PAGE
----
When breasts & abortions collide

1 Feb

If you haven’t been keeping up with the news, there’s been some recent scandal concerning the Susan G. Komen Foundation, probably the largest breast cancer research advocate/fundraiser in the nation, and Planned Parenthood, a notoriously pro-choice organization that provides reproductive health among other things.

According to NPR’s Shots:

“The breast cancer charity Susan G. Komen For the Cure is pulling about $700,000 in breast cancer screening and service grants from the Planned Parenthood Federation of America.
The money isn’t massive by either group’s bottom line: Komen raised more than $400 million in 2010; Planned Parenthood’s total revenue that year was over $1 billion.
But it apparently marks a new chapter in the ongoing abortion war, not to mention the battle to defund Planned Parenthood.”

I don’t want to get political, but this news is really interesting. My newsfeed on Facebook blew up yesterday because of this and DGB (woo!). Some of my friends are mad at Komen for pulling resources from Planned Parenthood. Other friends are excited to be able to support a charity that they believe makes moral decisions.

Too soon?

In the past, I’ve heard from staunch pro-lifers that Komen is not pro-life because of an affiliation with Planned Parenthood, the popular protest place for the Lifers. I never really knew the extent or the context of that support.

I was surprised to find out some it goes to breast health issues, which to be real, I didn’t know Planned Parenthood did. Personally, I think this is a good example of the important services they provide. I have a handful of friends who depend on their services for women’s health. It’s affordable access to healthcare, and in my book that’s something this society needs.

Now, the pro-lifers are anti-abortion. Somehow a person’s stance on this hot button issue tends to dictate their feelings about Planned Parenthood. As the article above says, only 3% of their services or less are dedicated to abortion. That means for every abortion preformed 33 other women (or men) use their services in some other way. Do we deny those 33 some basic health needs, like mammograms?

Pro-lifers says we do. I don’t agree with that, but I totally respect them for that belief. I think we need to realize the impact of our everyday decisions and make more educated choices. We vote every 2 or 4 years for new elected officials; there’s always a big push to “make your voice heard” and “every vote counts.” I totally think it does. I treasure our democracy, no matter how slow it moves and how many loopholes politicians can find. Watching what’s happening in other countries like Egypt prove that we’re at least doing something right.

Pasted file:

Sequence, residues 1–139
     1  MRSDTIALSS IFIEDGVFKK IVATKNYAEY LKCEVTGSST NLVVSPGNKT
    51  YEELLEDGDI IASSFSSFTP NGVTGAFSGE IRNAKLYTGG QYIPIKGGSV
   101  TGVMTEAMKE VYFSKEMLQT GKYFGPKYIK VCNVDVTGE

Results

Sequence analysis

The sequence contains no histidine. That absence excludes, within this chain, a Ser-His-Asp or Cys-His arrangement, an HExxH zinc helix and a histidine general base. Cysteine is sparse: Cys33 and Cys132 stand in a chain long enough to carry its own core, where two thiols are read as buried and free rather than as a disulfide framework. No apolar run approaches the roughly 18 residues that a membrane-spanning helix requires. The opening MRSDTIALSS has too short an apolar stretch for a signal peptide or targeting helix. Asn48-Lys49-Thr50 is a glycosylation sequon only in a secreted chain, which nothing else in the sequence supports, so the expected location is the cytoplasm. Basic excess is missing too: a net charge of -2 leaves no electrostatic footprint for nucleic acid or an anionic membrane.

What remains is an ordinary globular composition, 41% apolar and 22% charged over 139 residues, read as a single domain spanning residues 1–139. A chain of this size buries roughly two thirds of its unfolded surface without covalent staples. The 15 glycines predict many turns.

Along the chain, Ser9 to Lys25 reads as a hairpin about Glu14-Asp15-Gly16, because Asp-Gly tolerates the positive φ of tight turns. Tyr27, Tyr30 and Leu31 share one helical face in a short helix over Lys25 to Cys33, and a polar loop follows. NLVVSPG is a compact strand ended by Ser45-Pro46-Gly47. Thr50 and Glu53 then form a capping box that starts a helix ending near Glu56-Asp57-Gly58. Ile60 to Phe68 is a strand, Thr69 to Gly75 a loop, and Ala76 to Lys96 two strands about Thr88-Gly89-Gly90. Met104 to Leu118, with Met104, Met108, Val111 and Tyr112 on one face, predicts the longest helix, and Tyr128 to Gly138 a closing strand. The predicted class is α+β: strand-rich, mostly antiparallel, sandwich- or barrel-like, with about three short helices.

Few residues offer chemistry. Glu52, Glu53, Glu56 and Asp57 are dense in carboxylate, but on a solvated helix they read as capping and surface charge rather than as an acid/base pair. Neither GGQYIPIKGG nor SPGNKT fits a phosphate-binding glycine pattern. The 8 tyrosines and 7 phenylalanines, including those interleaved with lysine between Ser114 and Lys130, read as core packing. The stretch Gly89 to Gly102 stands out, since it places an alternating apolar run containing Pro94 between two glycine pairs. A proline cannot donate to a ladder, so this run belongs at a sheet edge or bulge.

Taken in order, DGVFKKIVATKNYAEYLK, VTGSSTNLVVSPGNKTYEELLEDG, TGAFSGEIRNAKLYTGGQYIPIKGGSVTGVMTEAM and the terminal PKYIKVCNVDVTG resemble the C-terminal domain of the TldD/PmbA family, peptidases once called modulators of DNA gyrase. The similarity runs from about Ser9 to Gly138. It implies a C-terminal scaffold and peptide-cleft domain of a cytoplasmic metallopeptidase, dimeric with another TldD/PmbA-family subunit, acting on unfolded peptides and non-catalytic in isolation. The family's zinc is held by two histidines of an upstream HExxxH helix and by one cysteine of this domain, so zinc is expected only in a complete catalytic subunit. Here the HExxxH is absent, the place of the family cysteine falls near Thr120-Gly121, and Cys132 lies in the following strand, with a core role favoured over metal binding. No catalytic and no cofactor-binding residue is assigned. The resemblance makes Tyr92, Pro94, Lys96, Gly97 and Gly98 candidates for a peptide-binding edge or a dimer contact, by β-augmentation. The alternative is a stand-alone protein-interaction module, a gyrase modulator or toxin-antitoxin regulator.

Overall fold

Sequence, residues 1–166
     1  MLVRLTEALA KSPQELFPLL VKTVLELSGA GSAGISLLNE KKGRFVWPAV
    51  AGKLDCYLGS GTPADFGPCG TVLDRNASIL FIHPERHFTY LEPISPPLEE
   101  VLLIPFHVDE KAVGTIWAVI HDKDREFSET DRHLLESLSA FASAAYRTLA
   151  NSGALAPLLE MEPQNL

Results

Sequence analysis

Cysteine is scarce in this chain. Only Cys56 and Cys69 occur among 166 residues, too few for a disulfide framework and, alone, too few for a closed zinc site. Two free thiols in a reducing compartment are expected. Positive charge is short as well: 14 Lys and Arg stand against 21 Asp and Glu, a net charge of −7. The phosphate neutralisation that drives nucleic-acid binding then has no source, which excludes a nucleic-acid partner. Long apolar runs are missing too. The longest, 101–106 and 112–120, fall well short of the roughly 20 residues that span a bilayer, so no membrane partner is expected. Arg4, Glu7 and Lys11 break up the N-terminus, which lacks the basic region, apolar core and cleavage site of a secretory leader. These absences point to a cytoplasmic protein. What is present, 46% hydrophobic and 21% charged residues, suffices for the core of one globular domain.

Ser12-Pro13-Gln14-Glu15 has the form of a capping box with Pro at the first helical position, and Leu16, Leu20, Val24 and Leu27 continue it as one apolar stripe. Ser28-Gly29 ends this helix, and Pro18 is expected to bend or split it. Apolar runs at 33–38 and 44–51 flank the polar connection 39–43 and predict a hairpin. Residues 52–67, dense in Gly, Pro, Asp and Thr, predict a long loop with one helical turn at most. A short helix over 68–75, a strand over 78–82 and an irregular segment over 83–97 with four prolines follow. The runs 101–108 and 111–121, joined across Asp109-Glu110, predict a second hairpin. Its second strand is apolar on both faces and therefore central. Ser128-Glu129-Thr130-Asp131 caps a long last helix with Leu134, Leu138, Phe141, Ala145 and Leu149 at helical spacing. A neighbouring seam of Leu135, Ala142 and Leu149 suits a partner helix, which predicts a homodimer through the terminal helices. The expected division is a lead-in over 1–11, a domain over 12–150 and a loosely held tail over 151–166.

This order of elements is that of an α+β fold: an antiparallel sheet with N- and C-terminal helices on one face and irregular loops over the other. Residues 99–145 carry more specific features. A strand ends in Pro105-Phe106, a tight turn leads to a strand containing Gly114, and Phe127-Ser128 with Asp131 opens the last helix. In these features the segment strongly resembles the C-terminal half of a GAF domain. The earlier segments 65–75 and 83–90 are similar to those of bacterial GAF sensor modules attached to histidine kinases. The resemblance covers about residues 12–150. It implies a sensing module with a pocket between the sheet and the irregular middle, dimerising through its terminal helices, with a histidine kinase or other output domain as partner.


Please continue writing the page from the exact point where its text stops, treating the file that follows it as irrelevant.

We forget our voices are heard everyday when we go to the grocery store, travel and even donate to charities. We are supporting causes and people and practices with every dollar we spend.

When you get to choose between two similar products, what factors make your decision? Price? Taste? What if you consider their business practices or charitable contributions instead, then support the company you believe in more. By spending your money, you just made a statement that says, “I support what you’re doing.” Even if it was as simple as buying Oreos.

If you don’t support outsourcing jobs, buy made in the USA. It’s that easy, right? Actually it’s pretty hard. Something like grabbing dinner could take some research and no one really wants to do that.

This is exactly why pro-lifers are so happy. They can now donate to a cause that they believe in because that cause doesn’t have what they consider pro-choice baggage. They are being responsible, according to their beliefs.

Good for them. Other groups should be just as picky and just as vocal. You do have control, even if it’s not an election year. The beauty that is capitalism is giving you the megaphone, you just need a voice.

Now, to be clear, I said I respected pro-lifers for this decision (I won’t use the word choice). I wish I had the conviction to research every organization I’ve supported with my time, money or business. I do try to be more responsible, but I’m not that good at it.

Komen does awesome work in the community. I’m interested to see how this affects their organization. I will be surprised if it does. I think most people are more interested in what they do for breast cancer research than their other affiliations.

Do I think this was a good move for Komen? No, all of the Komen propaganda, err I mean, literature harps on how early detection is the key to prevention. By pulling funding from Planned Parenthood which provides breast services for free (or cheap at least), Komen sent the message that they are not as serious about the early detection as they claim to be. Some Planned Parenthood clinics may have to drop the breast health line, leaving some women who can’t afford other options out in the cold. Is that what Komen wants? Probably not.

So what do we do about this? Honestly, I wish I knew. My best bet is to donate directly to the organizations you want to support in your community or research big national organizations.  These groups, like Komen, take your donation and divide it up among a bunch of services and keep some to keep their org a float. Make sure your cash is flowing to support what you believe in before you write the check.

But hey, that’s jut me.


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